Support available to candidates and councillors
Councillors are widely supported within their role through many different methods. These include:
- dedicated support from officers including impartial advice on their area of expertise such as housing, adult social care, planning, tourism, finance and engineering projects
- communications such as bulletins and newsletters from the council
- IT assistance so councillors can receive digital communications
- mentoring and advice through political groups and through communicating with other councillors
- access to information from other organisations such as the Local Government Association
- learning and development opportunities offered in ways to support councillors, for example, at a range of times during the day or through distance learning. There will be an overall programme of learning for all councillors but also opportunities for personal training and development
- a carer’s allowance is available as part of the scheme of councillor allowances for councillors who need to provide care for a family member while they are at committee meetings and undertaking other councillor duties.
Payment of allowances
Councillors do not get paid a salary but receive an allowance in recognition of time and expenses they have incurred whilst on council business. This includes the use of your home, broadband and telephone use.
Details of the allowances payable to councillors are available in the Councillor Scheme of Allowances.
All councillors receive a basic allowance. The basic allowance for a Dorset Council councillor will be £13,000 for 2019/20.
Councillors also receive a special responsibility allowance if they take on extra roles such as being a chairman. This is to reflect the extra time and expenses they incur.
The allowances may be subject to tax implications but this depends on each councillor’s individual circumstances.
There is a high demand from residents, businesses and other organisations for councillors to use digital technology. The ability to use IT is becoming increasingly necessary to the role of a councillor. Councillors are recommended to have access to the internet at home. The council embraces digital ways of working and will work with any councillor who has difficulty accessing digital communications or using IT.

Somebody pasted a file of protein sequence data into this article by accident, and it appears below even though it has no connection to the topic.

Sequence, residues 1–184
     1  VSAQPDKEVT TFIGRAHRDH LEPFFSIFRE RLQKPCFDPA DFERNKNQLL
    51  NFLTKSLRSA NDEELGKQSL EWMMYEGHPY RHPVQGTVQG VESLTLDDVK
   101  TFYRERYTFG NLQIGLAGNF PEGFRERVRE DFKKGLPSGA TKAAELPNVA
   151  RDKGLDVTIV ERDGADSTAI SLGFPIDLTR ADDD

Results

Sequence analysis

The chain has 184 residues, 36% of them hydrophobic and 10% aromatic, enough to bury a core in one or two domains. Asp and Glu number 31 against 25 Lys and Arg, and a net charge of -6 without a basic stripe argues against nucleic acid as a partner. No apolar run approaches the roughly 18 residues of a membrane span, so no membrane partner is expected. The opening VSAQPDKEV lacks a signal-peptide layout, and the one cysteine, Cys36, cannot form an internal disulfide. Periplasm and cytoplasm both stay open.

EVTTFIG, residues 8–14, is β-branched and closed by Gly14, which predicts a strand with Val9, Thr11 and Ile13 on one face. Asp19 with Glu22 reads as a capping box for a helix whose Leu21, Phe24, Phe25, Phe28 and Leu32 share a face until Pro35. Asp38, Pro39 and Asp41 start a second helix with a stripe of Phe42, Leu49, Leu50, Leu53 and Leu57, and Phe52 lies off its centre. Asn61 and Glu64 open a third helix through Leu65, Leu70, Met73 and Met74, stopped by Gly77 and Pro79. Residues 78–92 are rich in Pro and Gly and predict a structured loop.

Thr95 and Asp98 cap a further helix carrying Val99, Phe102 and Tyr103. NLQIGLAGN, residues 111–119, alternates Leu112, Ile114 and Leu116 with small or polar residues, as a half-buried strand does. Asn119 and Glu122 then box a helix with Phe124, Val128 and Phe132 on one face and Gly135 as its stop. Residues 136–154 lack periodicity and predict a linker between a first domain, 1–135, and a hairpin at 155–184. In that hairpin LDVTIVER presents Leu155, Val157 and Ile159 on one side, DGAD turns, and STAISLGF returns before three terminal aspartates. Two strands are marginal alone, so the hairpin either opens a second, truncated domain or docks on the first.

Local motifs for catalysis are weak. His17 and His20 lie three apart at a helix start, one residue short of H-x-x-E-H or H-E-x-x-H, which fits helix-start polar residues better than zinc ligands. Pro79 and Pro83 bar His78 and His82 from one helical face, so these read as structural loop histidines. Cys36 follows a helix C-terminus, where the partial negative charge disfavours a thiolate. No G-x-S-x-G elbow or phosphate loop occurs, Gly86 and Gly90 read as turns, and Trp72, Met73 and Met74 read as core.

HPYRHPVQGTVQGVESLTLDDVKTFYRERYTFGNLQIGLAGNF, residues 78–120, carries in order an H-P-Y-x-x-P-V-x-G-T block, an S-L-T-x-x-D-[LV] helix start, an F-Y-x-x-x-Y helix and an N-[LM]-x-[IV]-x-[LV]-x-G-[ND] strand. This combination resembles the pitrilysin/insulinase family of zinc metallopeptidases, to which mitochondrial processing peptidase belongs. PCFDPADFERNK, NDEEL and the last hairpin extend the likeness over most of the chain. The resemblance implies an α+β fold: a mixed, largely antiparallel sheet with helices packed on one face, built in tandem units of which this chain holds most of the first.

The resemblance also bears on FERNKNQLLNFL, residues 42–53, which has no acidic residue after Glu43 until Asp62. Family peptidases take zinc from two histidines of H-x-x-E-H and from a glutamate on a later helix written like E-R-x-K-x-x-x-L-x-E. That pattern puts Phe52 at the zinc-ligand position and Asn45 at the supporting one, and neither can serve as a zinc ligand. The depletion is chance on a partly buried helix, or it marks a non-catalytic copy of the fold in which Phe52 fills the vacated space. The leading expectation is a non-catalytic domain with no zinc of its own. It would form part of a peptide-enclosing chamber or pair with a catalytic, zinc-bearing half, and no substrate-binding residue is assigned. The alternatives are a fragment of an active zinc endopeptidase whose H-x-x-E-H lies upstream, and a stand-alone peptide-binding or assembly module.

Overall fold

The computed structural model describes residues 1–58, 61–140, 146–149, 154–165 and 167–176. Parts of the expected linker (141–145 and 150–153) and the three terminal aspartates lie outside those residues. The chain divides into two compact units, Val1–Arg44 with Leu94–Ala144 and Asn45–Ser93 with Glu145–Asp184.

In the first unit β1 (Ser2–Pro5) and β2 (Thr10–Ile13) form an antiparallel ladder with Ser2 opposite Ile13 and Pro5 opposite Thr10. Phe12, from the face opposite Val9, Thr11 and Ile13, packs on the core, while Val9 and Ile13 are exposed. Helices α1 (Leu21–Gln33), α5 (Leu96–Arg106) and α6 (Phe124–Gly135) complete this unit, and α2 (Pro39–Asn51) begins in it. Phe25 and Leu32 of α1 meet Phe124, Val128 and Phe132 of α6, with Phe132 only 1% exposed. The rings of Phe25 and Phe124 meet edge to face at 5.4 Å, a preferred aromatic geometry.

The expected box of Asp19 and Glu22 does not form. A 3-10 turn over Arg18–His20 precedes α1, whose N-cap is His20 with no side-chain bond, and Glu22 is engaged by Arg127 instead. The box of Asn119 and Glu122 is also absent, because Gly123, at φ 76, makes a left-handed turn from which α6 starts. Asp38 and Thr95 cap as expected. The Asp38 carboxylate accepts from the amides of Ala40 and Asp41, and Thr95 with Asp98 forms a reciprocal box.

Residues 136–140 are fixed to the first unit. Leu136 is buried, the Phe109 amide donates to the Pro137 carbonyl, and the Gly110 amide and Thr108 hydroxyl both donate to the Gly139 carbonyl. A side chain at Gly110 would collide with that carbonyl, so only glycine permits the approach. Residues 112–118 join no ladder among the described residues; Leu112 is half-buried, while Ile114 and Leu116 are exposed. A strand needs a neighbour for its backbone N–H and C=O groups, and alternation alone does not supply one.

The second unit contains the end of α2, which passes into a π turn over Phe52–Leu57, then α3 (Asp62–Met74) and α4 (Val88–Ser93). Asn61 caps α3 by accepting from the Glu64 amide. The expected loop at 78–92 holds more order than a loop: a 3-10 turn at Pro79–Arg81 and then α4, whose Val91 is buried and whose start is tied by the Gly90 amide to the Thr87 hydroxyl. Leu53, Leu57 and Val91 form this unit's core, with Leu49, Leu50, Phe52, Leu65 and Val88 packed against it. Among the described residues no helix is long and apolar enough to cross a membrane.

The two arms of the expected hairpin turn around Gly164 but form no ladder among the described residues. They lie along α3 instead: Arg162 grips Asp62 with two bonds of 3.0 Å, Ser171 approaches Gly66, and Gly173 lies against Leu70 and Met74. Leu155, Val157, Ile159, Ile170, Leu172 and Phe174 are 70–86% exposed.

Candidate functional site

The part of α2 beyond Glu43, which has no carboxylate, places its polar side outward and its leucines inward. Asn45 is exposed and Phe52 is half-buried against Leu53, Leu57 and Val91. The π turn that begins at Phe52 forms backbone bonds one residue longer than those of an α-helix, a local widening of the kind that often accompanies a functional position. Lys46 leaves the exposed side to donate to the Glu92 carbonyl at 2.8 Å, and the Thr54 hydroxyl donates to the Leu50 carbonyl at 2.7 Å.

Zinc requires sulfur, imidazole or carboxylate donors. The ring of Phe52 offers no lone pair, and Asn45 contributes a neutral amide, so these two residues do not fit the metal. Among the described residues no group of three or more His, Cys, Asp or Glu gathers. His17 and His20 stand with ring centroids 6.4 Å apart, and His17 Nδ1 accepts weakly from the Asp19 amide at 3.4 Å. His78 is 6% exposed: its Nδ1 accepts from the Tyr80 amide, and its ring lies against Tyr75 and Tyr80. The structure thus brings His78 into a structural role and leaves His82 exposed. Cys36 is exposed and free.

For more information candidates can
- contact the Democratic Services Team for non-political advice including information on committees, the role of councillors or to visit the council offices
- attend a committee meeting to gain an understanding of the work undertaken by the council and councillors
- speak to an existing councillor about their experiences
- contact a political group office if you wish to stand for a party
- discuss becoming a councillor with your family and employer
- discuss the main issues in your ward with community groups and with current councillors at county, district or town/parish level
- visit the Electoral Commission’s website for guidance
Candidates with a disability
The Government Equality Office provides a fund, called the EnAble Fund, to cover the additional financial costs associated with a disability or health condition, that would otherwise prevent someone from seeking elected office. This is adminstered by Disabilities Rights UK. For example, it may help if you need to pay for sign language interpreters or assistive technology. Candidates with a disability can apply for this funding by contacting Disabilities Rights UK.
Councillors with a disability
A range of support options and facilities are available for councillors with a disability. Once you become a councillor, we will work with you to overcome any barriers there may be to you being fully involved.
The council can make adjustments and offer support to accommodate a large range of disabilities, for instance, council offices have accessibility facilities such as disabled parking bays, lifts, hearing loops and microphones. Councillors can also be provided with IT equipment or programmes suitable for their needs such as text-to-speech software, so you can access reports and participate in committees. Documents and information can also be produced in different formats.
Councillors are encouraged to inform the Democratic Services Team of any disabilities that they may have and the difficulties these may cause them whilst they carry out their councillor role. The team can then investigate any potential solution or advise on any adjustments that could be made.
If you are receiving any incapacity benefit or employment and support allowance then this may not be affected by being a councillor but individual cases vary so please check this with the Department for Work and Pensions.
Guidance on being a councillor
Local Government Association
Department for Work and Pensions